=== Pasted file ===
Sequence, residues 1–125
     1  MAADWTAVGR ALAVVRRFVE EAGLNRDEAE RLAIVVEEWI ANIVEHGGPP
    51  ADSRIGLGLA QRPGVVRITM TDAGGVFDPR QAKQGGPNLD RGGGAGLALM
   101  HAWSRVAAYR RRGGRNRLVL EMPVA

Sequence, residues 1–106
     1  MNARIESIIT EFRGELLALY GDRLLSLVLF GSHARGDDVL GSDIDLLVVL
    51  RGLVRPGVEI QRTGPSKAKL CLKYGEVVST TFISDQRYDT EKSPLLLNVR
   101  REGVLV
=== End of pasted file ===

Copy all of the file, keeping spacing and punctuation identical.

Sequence, residues 1–125
     1  MAADWTAVGR ALAVVRRFVE EAGLNRDEAE RLAIVVEEWI ANIVEHGGPP
    51  ADSRIGLGLA QRPGVVRITM TDAGGVFDPR QAKQGGPNLD RGGGAGLALM
   101  HAWSRVAAYR RRGGRNRLVL EMPVA

Sequence, residues 1–106
     1  MNARIESIIT EFRGELLALY GDRLLSLVLF GSHARGDDVL GSDIDLLVVL
    51  RGLVRPGVEI QRTGPSKAKL CLKYGEVVST TFISDQRYDT EKSPLLLNVR
   101  REGVLV